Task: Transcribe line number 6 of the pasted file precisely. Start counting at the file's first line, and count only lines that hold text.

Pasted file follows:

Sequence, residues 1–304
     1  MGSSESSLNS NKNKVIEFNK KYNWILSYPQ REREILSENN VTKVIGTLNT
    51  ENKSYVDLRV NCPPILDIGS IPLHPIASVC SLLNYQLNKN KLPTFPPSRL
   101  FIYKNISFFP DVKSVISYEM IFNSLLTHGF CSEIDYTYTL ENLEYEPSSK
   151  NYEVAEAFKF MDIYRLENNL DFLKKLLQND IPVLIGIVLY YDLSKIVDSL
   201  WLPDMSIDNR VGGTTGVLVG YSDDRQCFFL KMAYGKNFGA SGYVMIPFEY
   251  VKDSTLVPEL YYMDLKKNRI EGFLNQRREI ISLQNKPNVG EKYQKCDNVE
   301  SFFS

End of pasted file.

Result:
   201  WLPDMSIDNR VGGTTGVLVG YSDDRQCFFL KMAYGKNFGA SGYVMIPFEY